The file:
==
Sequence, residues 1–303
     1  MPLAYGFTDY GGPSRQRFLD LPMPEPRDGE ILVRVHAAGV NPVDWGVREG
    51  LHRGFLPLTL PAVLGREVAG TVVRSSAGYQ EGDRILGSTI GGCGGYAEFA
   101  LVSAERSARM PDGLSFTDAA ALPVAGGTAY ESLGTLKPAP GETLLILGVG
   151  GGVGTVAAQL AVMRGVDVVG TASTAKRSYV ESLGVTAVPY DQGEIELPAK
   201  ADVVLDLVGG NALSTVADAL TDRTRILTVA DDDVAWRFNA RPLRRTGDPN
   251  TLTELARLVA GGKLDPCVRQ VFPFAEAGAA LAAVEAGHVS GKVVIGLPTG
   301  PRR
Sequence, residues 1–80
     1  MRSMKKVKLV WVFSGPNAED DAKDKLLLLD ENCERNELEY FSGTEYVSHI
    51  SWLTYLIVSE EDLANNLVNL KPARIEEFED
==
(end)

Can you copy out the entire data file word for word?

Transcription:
Sequence, residues 1–303
     1  MPLAYGFTDY GGPSRQRFLD LPMPEPRDGE ILVRVHAAGV NPVDWGVREG
    51  LHRGFLPLTL PAVLGREVAG TVVRSSAGYQ EGDRILGSTI GGCGGYAEFA
   101  LVSAERSARM PDGLSFTDAA ALPVAGGTAY ESLGTLKPAP GETLLILGVG
   151  GGVGTVAAQL AVMRGVDVVG TASTAKRSYV ESLGVTAVPY DQGEIELPAK
   201  ADVVLDLVGG NALSTVADAL TDRTRILTVA DDDVAWRFNA RPLRRTGDPN
   251  TLTELARLVA GGKLDPCVRQ VFPFAEAGAA LAAVEAGHVS GKVVIGLPTG
   301  PRR
Sequence, residues 1–80
     1  MRSMKKVKLV WVFSGPNAED DAKDKLLLLD ENCERNELEY FSGTEYVSHI
    51  SWLTYLIVSE EDLANNLVNL KPARIEEFED